AQAP offers bounty on US ambassador in Yemen
Al-Qaeda in the Arabian Penninsula (AQAP) has offered a reward of $160,000 in gold for the death of America's ambassador to Yemen or any US soldier stationed in the country.
Al-Qaida's branch in Yemen has offered to pay tens of thousands of dollars to anyone who kills the U.S. ambassador in Sanaa or an American soldier in the country.
An audio produced by the group's media arm, the al-Malahem Foundation, and posted on militant websites Saturday said it offered three kilograms of gold, worth $160,000, for killing the ambassador.
The group said it will pay 5 million Yemeni riyals ($23,000) to anyone who kills an American soldier inside Yemen.
It said the offer is valid for six months.
The bounties were set to "inspire and encourage our Muslim nation for jihad," the statement said.
The U.S. Embassy in Sanaa did not respond to an Associated Press phone call asking for comment.
Washington considers al-Qaida in Yemen to be the group's most dangerous branch.
The group overran entire towns and villages last year by taking advantage of a security lapse during nationwide protests that eventually ousted the country's longtime ruler. Backed by the U.S. military experts based at a southern air base, Yemen's army was able to regain control of the southern region, but al-Qaida militants continue to launch deadly attacks on security forces that have killed hundreds.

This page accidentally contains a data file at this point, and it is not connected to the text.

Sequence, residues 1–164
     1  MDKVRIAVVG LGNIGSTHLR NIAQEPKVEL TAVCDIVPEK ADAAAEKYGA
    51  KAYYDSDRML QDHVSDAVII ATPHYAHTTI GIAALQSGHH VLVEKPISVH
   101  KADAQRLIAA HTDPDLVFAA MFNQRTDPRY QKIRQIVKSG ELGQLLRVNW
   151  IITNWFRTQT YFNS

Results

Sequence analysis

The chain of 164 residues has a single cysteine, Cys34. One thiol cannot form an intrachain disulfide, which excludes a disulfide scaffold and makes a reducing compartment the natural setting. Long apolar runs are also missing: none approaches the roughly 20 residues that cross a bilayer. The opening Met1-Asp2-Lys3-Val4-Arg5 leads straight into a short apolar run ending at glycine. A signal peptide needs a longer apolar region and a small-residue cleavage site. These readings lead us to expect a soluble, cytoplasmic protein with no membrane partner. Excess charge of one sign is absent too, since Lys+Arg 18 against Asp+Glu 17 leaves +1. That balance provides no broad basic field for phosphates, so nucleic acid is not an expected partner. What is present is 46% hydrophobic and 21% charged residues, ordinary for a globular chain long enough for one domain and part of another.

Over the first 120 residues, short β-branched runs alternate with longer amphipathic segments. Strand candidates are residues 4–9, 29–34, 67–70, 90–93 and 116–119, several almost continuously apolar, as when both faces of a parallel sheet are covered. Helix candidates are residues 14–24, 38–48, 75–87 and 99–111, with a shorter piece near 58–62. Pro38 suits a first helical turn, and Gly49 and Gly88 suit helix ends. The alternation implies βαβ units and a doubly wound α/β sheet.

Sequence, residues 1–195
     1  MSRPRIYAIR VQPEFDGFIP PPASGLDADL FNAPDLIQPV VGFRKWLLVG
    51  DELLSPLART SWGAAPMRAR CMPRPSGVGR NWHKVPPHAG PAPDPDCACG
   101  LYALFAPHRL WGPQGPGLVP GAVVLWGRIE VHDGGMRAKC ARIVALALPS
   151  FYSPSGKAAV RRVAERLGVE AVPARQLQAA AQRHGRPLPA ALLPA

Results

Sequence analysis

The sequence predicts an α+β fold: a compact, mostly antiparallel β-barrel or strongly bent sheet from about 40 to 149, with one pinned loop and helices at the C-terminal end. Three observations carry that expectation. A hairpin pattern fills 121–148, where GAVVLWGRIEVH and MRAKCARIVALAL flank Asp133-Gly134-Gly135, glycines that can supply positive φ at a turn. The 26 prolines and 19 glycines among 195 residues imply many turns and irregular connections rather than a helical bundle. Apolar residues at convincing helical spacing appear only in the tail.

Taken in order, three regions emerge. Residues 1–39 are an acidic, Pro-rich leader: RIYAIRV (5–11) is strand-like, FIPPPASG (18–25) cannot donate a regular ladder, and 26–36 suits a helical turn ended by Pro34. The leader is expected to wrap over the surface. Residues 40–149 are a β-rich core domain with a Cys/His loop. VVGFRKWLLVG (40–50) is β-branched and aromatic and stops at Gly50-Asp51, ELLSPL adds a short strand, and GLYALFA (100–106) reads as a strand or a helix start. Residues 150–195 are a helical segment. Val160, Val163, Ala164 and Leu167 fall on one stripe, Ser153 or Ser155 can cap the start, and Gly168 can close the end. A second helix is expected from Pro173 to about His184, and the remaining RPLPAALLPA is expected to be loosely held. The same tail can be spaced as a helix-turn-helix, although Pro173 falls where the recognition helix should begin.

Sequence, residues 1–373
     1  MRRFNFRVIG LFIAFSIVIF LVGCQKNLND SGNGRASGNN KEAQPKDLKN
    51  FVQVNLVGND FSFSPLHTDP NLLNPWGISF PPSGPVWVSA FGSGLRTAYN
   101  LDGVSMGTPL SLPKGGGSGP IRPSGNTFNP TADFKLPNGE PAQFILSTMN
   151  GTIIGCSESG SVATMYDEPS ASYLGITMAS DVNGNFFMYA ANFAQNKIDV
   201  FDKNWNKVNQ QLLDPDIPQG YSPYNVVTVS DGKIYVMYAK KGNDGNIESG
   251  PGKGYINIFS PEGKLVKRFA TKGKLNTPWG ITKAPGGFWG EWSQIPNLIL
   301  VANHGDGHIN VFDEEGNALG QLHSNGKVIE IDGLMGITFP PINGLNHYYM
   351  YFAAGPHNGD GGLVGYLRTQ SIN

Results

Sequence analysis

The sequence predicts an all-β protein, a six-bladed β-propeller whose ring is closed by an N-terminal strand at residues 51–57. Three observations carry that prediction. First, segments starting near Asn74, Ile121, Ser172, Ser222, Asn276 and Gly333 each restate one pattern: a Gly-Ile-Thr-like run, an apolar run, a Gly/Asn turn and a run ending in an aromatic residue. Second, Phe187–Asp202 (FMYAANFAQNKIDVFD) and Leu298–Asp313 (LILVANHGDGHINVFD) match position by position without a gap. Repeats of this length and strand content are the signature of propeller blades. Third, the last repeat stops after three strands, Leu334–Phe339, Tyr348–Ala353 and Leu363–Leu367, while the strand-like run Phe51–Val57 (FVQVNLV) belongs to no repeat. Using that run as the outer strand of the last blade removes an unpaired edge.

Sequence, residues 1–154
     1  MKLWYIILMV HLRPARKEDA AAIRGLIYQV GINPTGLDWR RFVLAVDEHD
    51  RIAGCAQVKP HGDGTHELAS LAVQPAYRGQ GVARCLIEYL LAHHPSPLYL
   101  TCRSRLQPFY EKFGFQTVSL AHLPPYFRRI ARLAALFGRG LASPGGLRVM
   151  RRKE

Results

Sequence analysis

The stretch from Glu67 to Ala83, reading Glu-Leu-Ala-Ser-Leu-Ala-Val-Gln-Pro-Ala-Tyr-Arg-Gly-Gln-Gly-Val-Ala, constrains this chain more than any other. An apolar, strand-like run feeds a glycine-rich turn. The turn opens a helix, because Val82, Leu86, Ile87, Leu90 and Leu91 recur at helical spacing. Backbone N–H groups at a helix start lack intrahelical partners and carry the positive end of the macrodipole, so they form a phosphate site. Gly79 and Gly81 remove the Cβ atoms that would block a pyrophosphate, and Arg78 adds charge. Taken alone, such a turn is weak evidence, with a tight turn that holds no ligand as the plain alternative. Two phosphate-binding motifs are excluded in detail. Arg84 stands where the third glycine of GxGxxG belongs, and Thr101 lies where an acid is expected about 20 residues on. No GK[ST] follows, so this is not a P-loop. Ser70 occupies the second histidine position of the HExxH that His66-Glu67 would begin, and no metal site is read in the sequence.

In the capital, Sanaa, security officials said two gunmen on a motorbike shot and killed two intelligence officers early Sunday as they were leaving a downtown security facility. The officials, who spoke on condition of anonymity according to regulations, said all intelligence and security officers have been instructed to take precautionary measures outside working hours.
As we have learned the hard way, this is no idle threat. Not that al-Qaeda fighters need any more incentive to kill Americans, but the bounty will probably bring foreign mercenaries into the country looking for the reward. In a desperately poor country like Yemen, it may also draw locals into the sweepstakes.
There will be no shortage of assassins to take out our people. And short of keeping them all locked up, there's not much we can do to protect them from determined killers.